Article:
As for further work, this study could be used as the basis for further study to observe the short and long-term impacts of mobile money. This study used only one round of data in a non-experimental procedure to estimate impacts. While we employed PSM and inverse propensity-score weighting regressions to remove any biases that arise due to observable differences between users and non-users of mobile money, the underlying assumption for using these methods is that unobserved differences are not important for the outcomes. For future work, collecting multiple rounds of data over a period to create panel data or good instrumental variables is expected. Alternatively, a randomized control trial experiment could be conducted to estimate these impacts to determine whether the positive outcome is same. To perform a similar study in a different country, it is important to consider a higher sample size to ensure a stronger statistical power of the impact estimate.

Author Contributions

This paper is part of a more extensive research, a doctoral dissertation, prepared by E.K.A. and directed by A.S. The task of writing this paper was carried out by both authors.

Acknowledgments

The authors would like to express their sincere appreciation to KDDI Foundation for supporting this study with funds for fieldwork and for publishing.

Conflicts of Interest

The authors declare no conflict of interest. The founding sponsors had no role in the design of the study; in the collection, analyses, or interpretation of data; in the writing of the manuscript, and in the decision to publish the results.

Appendix A

Table A1. Time Preference Game 1.
Table A1. Time Preference Game 1.
Supposed That You Are to Choose between Two Amounts to Receive: a Smaller Amount Today and a Bigger Amount Later. Which Option Do You Prefer?A or B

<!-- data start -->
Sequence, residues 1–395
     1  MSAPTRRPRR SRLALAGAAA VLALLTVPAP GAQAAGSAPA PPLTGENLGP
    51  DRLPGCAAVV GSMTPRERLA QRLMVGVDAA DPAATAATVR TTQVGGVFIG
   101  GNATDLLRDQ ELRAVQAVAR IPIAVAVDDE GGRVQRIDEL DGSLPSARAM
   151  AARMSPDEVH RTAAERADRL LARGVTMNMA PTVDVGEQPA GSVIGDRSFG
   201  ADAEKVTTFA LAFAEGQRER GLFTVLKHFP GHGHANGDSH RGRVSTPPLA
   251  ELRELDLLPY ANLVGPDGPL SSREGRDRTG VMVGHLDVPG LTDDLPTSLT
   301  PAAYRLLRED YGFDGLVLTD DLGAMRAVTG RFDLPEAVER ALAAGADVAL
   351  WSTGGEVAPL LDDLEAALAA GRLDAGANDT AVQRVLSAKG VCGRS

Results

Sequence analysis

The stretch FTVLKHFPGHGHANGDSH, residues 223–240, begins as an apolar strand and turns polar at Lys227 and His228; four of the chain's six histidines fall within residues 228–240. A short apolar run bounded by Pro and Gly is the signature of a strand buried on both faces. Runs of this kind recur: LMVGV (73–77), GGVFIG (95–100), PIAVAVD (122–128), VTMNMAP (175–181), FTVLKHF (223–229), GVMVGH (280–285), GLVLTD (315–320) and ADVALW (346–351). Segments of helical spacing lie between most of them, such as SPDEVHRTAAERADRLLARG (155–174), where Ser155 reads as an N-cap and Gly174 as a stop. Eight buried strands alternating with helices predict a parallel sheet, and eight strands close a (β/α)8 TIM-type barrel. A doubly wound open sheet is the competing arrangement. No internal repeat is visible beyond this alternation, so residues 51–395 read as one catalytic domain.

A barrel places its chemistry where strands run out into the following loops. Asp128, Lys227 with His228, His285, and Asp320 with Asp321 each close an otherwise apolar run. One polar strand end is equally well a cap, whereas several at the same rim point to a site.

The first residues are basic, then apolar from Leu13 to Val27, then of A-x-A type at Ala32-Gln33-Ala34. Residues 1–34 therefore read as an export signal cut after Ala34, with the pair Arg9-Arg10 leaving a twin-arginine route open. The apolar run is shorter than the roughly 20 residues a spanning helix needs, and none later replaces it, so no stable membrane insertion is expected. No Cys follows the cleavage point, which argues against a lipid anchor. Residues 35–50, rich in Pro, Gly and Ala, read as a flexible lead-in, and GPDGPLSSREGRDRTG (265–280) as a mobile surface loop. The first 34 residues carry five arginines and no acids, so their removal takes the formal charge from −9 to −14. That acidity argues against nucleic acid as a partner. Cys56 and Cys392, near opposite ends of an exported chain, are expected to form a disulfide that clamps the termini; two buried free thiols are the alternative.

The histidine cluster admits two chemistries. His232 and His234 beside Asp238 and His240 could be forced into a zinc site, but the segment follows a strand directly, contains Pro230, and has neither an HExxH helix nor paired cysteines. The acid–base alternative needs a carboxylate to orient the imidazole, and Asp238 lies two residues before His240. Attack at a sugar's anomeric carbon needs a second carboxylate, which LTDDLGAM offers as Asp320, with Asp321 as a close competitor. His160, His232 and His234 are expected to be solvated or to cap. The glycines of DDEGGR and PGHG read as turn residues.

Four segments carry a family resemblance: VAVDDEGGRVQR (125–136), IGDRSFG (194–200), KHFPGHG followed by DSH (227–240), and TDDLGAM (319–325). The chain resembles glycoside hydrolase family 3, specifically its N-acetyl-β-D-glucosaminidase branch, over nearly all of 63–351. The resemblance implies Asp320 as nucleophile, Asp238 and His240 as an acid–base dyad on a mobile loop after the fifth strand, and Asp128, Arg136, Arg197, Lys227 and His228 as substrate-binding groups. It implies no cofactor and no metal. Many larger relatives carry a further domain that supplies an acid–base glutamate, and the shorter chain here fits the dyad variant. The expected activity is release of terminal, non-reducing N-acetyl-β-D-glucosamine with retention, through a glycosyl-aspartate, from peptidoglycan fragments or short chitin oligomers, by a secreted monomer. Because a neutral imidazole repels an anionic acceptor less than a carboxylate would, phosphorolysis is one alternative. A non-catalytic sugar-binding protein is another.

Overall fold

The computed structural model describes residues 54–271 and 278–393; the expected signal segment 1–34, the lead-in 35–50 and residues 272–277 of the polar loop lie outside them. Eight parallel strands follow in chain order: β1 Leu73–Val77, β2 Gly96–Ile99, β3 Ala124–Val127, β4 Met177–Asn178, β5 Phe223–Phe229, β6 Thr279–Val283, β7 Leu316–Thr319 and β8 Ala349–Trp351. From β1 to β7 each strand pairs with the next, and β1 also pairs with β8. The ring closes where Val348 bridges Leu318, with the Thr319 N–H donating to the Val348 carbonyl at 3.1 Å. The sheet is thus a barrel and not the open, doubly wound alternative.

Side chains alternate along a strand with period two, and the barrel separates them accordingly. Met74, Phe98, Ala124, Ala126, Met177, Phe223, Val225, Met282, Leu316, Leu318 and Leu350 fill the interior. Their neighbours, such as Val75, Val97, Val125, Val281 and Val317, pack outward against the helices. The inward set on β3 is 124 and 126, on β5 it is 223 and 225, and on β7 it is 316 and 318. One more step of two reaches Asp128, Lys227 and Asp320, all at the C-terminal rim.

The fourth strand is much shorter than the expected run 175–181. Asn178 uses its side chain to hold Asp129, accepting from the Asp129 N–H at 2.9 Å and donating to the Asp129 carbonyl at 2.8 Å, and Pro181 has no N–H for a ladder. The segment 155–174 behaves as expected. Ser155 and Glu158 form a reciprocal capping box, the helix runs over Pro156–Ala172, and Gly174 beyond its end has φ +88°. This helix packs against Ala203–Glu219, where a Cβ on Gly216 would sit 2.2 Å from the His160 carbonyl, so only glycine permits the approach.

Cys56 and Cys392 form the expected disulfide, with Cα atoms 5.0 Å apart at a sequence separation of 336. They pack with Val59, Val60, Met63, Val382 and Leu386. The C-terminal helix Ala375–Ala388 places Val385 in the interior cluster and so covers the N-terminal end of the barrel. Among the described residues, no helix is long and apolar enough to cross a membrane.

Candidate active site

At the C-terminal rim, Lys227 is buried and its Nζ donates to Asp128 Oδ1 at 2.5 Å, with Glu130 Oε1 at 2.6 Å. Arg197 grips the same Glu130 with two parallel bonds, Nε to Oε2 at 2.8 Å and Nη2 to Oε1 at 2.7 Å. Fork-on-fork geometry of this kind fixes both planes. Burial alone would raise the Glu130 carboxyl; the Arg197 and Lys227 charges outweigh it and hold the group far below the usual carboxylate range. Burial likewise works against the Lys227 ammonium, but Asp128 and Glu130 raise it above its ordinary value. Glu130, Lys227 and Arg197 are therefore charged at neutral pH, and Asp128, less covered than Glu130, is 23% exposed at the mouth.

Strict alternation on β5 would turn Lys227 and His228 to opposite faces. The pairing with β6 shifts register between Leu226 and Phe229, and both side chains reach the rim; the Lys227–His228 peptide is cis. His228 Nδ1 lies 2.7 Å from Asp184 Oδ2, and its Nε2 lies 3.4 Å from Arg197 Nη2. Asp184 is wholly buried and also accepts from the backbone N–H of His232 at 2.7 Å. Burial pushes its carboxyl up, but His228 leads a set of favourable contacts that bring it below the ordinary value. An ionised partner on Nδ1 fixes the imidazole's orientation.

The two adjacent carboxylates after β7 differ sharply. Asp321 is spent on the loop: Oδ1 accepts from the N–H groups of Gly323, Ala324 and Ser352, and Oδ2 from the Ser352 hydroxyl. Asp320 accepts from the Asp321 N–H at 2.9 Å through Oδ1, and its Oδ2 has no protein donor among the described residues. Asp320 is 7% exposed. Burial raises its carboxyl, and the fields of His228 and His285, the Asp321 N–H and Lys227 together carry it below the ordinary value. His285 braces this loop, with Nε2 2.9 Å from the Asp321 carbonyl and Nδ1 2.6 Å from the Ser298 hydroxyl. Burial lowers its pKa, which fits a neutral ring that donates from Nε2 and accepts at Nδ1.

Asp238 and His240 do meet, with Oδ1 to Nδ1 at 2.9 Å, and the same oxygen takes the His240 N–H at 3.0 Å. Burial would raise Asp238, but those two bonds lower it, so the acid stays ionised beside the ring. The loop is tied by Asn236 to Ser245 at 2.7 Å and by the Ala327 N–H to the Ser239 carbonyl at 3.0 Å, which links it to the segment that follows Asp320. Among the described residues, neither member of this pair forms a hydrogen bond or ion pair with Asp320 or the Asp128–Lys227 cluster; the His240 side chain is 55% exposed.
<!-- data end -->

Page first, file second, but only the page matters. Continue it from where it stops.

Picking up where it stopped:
Option A, TodayOption B, in 3 Months’ Time
TP1GH¢10.00GH¢12
TP2GH¢10.00GH¢14
TP3GH¢10.00GH¢16
TP4GH¢10.00GH¢18
TP5GH¢10.00GH¢20
TP6GH¢10.00GH¢22
TP7GH¢10.00GH¢24
TP8GH¢10.00GH¢26
TP9GH¢10.00GH¢28
TP10GH¢10.00GH¢30

Appendix B

Table A2. Time Preference Game 2.
Table A2. Time Preference Game 2.
Supposed That You Are to Choose between Two Amounts to Receive: a Smaller Amount Today and a Bigger Amount Later. Which Option Do You Prefer?A or B
Option A, in 3 Months’ TimeOption B, in 6 Months’ Time
TP1GH¢10.00GH¢12
TP2GH¢10.00GH¢14
TP3GH¢10.00GH¢16
TP4GH¢10.00GH¢18
TP5GH¢10.00GH¢20
TP6GH¢10.00GH¢22
TP7GH¢10.00GH¢24
TP8GH¢10.00GH¢26
TP9GH¢10.00GH¢28
TP10GH¢10.00GH¢30

Appendix C

Table A3. Risk Game.
Table A3. Risk Game.
Project AProject BA or B
You Obtain for Sure:50% Chance of Obtaining:50% Chance of Obtaining:
RG1GH¢5.00GH¢12.00GH¢0
RG2GH¢6.00GH¢12.00GH¢0
RG3GH¢7.00GH¢12.00GH¢0
RG4GH¢8.00GH¢12.00GH¢0
RG5GH¢9.00GH¢12.00GH¢0
RG6GH¢10.00GH¢12.00GH¢0
RG7GH¢11.00GH¢12.00GH¢0
RG8GH¢12.00GH¢12.00GH¢0

Appendix D

Table A4. Variables and their Definition.
Table A4. Variables and their Definition.
VariableDefinitionUnit of MeasurementHypothesized Relationship
Outcome Variables
UserThis is a categorical variable that indicates 1 if an individual has ever used mobile money to undertake any transaction, and 0 otherwiseDummy
Payment sentThe total value of money paid for goods and services received in the last 12 monthsContinuous
Payments receivedThe total value of money received for goods and services given out in the last 12 monthsContinuous